Security 101: What is a Threat Model, and How Do I Create One?

1 minute read
| How-To

If you hang around privacy or security forums long enough, you’ll eventually come across the term “threat model.” Here’s what they’re talking about, and how to create one.

Threat Models

In the case of privacy, it’s helpful to ask yourself, “Who or what am I protecting my data against?” A threat model is when you create a list of things you own, possible threats against them, and creating defenses against those threats. You can do this for physical goods and digital data.

Threat models can also change over time, and it’s important to occasionally revisit it. Maybe you want to protect your data against hackers, or maybe you need to protect it from the government. A perfect threat model is impossible, but we can create a basic one. Here’s what we can address:

  • What is my data?
  • What can go wrong?
  • What can I do?

Threat model mind map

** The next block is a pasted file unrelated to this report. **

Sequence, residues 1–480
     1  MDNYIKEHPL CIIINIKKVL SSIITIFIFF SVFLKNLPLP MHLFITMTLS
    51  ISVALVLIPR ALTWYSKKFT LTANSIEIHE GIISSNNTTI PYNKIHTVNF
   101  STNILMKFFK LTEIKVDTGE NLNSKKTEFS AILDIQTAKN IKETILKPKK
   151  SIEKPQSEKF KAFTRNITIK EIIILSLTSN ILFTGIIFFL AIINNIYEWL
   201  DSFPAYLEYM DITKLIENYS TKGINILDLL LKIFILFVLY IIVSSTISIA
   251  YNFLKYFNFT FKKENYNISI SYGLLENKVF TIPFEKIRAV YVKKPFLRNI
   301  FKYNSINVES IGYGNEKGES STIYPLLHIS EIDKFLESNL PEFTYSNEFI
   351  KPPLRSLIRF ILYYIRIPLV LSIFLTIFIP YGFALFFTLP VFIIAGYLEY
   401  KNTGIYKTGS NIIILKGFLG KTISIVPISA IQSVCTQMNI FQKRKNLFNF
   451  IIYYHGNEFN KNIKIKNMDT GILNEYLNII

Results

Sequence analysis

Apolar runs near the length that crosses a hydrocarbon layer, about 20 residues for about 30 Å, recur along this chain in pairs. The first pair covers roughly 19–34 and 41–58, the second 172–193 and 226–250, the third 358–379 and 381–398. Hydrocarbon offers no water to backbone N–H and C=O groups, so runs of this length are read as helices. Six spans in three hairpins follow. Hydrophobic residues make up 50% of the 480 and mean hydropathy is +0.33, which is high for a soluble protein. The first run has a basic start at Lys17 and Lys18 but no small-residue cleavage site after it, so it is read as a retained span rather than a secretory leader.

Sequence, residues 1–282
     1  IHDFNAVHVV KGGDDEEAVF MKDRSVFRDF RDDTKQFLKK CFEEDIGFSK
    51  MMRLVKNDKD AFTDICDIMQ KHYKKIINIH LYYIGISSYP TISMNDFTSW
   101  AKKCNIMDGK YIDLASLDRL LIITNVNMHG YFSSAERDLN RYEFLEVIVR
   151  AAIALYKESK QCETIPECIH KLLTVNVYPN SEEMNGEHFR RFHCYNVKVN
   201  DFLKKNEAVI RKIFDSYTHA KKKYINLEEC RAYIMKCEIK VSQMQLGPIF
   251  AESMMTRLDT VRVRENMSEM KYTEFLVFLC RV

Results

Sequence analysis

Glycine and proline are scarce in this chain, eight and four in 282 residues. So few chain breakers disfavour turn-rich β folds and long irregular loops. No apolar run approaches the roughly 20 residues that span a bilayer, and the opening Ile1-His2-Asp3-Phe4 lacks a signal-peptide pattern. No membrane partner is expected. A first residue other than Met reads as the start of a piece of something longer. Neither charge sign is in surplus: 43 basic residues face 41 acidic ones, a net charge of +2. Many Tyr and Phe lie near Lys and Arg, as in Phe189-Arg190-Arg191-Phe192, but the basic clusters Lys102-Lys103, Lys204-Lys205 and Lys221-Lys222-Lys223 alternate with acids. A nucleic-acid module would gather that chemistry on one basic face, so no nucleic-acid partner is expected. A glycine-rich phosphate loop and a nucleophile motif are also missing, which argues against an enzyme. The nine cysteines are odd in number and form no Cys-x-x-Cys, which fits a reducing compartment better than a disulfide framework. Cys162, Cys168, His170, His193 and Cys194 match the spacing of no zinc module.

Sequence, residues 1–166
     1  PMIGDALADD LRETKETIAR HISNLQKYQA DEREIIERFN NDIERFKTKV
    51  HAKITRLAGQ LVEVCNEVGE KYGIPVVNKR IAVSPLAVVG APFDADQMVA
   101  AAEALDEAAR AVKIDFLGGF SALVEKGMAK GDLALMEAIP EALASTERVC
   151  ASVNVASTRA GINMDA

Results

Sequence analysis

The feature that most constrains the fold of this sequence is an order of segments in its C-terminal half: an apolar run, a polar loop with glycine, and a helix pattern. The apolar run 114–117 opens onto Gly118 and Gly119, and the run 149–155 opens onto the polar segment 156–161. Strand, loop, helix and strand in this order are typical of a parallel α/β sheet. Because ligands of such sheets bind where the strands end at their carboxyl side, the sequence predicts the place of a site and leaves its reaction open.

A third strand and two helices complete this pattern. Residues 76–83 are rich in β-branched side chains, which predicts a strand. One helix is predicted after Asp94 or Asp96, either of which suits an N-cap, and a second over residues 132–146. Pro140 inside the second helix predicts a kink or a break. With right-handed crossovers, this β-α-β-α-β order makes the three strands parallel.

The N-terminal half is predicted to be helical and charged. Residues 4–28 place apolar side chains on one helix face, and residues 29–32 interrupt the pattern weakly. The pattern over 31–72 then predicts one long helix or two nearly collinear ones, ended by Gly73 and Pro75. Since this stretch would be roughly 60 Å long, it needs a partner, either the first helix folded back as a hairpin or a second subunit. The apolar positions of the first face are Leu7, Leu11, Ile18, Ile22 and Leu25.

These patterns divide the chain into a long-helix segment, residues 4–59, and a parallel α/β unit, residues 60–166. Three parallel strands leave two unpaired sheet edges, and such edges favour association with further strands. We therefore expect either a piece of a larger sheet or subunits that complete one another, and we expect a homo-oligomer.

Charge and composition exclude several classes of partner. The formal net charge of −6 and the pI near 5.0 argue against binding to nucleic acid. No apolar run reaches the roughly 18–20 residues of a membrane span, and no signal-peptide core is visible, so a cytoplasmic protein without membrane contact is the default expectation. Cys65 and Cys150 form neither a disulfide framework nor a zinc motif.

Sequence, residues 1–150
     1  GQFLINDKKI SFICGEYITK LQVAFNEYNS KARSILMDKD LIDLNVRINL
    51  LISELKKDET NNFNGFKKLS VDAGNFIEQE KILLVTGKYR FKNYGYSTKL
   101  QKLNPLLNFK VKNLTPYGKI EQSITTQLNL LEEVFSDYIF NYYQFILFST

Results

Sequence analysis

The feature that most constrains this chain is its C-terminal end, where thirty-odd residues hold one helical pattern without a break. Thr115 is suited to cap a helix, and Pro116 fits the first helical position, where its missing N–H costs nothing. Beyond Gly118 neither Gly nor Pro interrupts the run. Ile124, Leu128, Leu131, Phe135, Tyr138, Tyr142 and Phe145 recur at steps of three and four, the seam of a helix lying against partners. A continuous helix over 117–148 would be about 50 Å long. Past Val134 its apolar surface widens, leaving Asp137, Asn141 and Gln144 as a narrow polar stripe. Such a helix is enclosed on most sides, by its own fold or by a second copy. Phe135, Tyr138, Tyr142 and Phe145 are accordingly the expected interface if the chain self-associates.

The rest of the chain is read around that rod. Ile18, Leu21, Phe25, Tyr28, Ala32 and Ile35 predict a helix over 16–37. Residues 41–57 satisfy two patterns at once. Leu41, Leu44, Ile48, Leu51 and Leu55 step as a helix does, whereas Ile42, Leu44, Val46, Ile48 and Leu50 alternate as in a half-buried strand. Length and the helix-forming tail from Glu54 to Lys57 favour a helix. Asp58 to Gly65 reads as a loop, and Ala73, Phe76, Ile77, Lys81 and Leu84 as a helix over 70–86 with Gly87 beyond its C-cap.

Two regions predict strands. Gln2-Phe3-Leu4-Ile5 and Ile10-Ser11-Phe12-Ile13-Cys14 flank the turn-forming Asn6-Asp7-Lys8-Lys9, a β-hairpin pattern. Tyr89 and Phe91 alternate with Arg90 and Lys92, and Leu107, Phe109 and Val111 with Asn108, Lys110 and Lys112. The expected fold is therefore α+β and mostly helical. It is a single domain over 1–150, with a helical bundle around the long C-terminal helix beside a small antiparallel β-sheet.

What is My Data?

Start by listing your content, and where it’s located. Examples include notes in Apple Notes, files in iCloud Drive, photos and videos in Photos, etc. If you don’t use iCloud, the data stays on your device. If you do use iCloud, your data is on Apple’s servers.

What Can Go Wrong?

What are things that threaten that data? Probably the biggest one is the “cloud” itself. When we store our data on a company’s servers, we lose control over it. We see this when Apple has occasional outages of its services, when Google Cloud had an outage last week, or when WordPress had an outage just three days ago. Your data is being held hostage, even if it’s an accident. How can we change that?

 

What Can I Do?

The first obvious solution is not to upload it to the cloud. But the cloud can be convenient. This is ultimately a decision you’ll have to make on your own. Two solutions are encrypting your data before you upload, and/or making an offline backup of your data. By encrypting your data, it will be protected against threats like hackers, the government, or employees of that company with malicious intentions.

Xkcd security comic

You can adapt this threat model to suit your own needs, or address things that I didn’t even think of. The important thing is being prepared.

Further Reading:

[iOS: 8 Ways to Enhance Your Privacy & Security in Safari]

[5 iOS Security Apps to Keep Your Data Safe]

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